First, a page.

The Info List - Småland

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(Swedish pronunciation: [ˈsmoːland] ( listen)) is a historical province (landskap) in southern Sweden. Småland
borders Blekinge, Scania
(Swedish: Skåne), Halland, Västergötland, Östergötland
and the island Öland
in the Baltic Sea. The name Småland
literally means Small Lands.[2] The Latinized form Smolandia has been used in other languages. The highest point in Småland
is Tomtabacken, at 377 metres (1,237 ft).


1 Administration 2 Heraldry 3 Population 4 Geography

4.1 Terrain 4.2 Climate

5 History

5.1 Historical cities 5.2 National parks 5.3 Religion 5.4 Culture

6 Education

6.1 Literature 6.2 Smålandians 6.3 Language

7 Sub-divisions

7.1 Small lands 7.2 Hundreds 7.3 Towns in Småland

8 Sports 9 See also 10 Notes 11 References 12 External links

Administration[edit] The traditional provinces of Sweden
serve no administrative or political purposes, but are historical and cultural entities. The province is divided into the three administrative counties: Jönköping
County, Kalmar County
Kalmar County
and Kronoberg County, which roughly cover the entire Småland
province. Smaller areas of Småland, however, are situated in Halland County
Halland County
and Östergötland
County. Heraldry[edit] Main article: Heraldry of Småland The current coat of arms, granted in 1569, features a rampant red lion on a golden shield carrying a crossbow. The arms may appear with a ducal coronet. Blazon: "Or a lion rampant Gules langued and armed Azure holding in front paws a Crossbow of the second bowed and stringed Sable with a bolt Argent." Population[edit] The population of Småland
was 754,535 as of 31 December 2016, distributed over five counties as follows:[1]

County Population

County, largely 333,923

County, largely 216,455

Kronoberg County, entirely 194,628

County, peripherally 7,574

County, peripherally 1,955

Locality Population

Jönköping 89,396

Växjö 65,387

Kalmar 36,392

Västervik 21,140

Värnamo 18,696

Oskarshamn 17,258

Nässjö 16,678

Ljungby 15,205

Tranås 14,197

Vetlanda 13,050

Nybro 12,810


An image from a canyon in the forested Småland.

The geography is dominated by a forested high plain where the soil is mixed with sand and small boulders, making it barren in all except the coastal areas, and unsuited for agriculture except in certain locations, notably the Kalmar
Plains. The province is rich in lakes and bogs. The coast consists of an archipelago of islands and bays in the north and cultivated flatlands in the south. In total, cultivated land covers 14%, meadows 7% and forest 50%.[3] Except for a lack of deep valleys the landscape is similar to the Norrland terrain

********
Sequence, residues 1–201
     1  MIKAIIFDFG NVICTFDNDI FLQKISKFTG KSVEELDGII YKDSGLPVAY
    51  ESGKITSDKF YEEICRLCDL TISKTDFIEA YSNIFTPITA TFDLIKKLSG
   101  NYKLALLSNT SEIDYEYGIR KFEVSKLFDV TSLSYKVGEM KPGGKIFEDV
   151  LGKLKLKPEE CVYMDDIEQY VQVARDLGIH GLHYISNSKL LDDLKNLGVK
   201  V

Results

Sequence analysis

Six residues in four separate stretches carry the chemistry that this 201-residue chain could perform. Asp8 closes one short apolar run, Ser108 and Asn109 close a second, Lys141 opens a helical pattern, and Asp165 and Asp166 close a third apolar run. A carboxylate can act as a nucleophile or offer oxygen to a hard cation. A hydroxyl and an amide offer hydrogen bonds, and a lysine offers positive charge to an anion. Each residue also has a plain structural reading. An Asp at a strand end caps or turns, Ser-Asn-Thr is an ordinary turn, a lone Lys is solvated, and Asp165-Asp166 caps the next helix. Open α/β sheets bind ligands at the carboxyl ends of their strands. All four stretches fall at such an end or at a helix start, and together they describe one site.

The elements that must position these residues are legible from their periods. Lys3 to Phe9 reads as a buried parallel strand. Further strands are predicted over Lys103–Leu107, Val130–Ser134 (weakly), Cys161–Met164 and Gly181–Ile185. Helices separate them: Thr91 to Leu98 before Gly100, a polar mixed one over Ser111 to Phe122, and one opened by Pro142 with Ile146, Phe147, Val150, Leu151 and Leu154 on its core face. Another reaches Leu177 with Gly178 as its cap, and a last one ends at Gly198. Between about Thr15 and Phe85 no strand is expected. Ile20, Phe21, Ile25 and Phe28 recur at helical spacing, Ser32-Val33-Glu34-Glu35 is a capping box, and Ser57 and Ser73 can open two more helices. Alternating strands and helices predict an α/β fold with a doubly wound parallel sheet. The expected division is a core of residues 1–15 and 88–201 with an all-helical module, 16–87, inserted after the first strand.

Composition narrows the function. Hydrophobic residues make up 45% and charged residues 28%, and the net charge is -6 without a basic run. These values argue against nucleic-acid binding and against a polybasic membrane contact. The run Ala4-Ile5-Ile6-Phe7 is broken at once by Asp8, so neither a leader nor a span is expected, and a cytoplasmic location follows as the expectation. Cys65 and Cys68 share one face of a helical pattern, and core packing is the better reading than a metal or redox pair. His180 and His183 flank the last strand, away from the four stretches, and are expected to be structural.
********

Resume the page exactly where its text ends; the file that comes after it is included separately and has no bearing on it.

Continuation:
Norrland terrain
found further north in Sweden.[4] Largest towns are Jönköping
in the north-west, Växjö
in the south, and Kalmar
on the east coast near Öland
Island. Terrain[edit] Småland
constitutes the central, eastern and southern parts of the South Swedish highlands. In detail the topography of Småland
is that of a series of flat surfaces built-upon or deformed-by a geological dome.[5][6] The elevated terrain thought to be a buckle formed as result of far-away forces transmitted to Sweden.[7] The main surfaces are the Sub-Cambrian peneplain, the South Småland peneplain
South Småland peneplain
and the "200 m peneplain".[5][6] These surfaces and others are arranged in a stepped sequence called a piedmonttreppen.[6] In eastern Småland
the Sub-Cambrian peneplain
Sub-Cambrian peneplain
forms a gently east-dipping surface that reaches the sea.[5][A] To the west this part of the Sub-Cambrian peneplain terminates along a north-south escarpment (runs slightly east of Växjö) that separates it from other flat surfaces.[5] Central and northwestern Småland
contains strings of isolated hills.[5] The lakes and rivers of Småland
are associated to zones of weak rock, be it either fractures, weathered rock or both. The great number of lakes in Småland
is indebted to the creation of basins due to the stripping of an irregular mantle of weathered rock by glacier erosion.[8] Lagan and Nissan drains western Småland
following for most of their course zones of weak rock associated to the Protogine Zone.[5][9] The lakes Rusken, Rymmen and Möckeln are aligned with a more eastern branch of the Protogine Zone.[9] Canyons cut into the bedrock are common in central and northern Småland, with the area near Mörlunda
containing various particularly narrow (<50 m) canyons.[10][11][B] Climate[edit] The climate of Småland
is divided between the oceanic climate of coastal areas such as Kalmar[12] and the humid continental climate of the interior higher areas such as Jönköping.[13] Southern interior areas such as Växjö
have similar oceanic climates such as the coastline.[14] However, temperature average differences between areas are relatively small, since Småland
lies in the continental/oceanic transition zone. Summer daytime averages are similar throughout the province, since according to Weatherbase all three major urban areas are on average around 21 °C (70 °F) with daytime winter temperatures hovering around the freezing point. The slightly colder nights averaging −5 °C (23 °F) in Jönköping
are rendering its continental classification.[15] The locality of Målilla has the Swedish and Scandinavian all-time highest-measured temperature with 38 °C (100 °F) on June 1, 1947.[16] History[edit] The area was probably populated in the Stone Age
Stone Age
from the south, by people moving along the coast up to Kalmar. Småland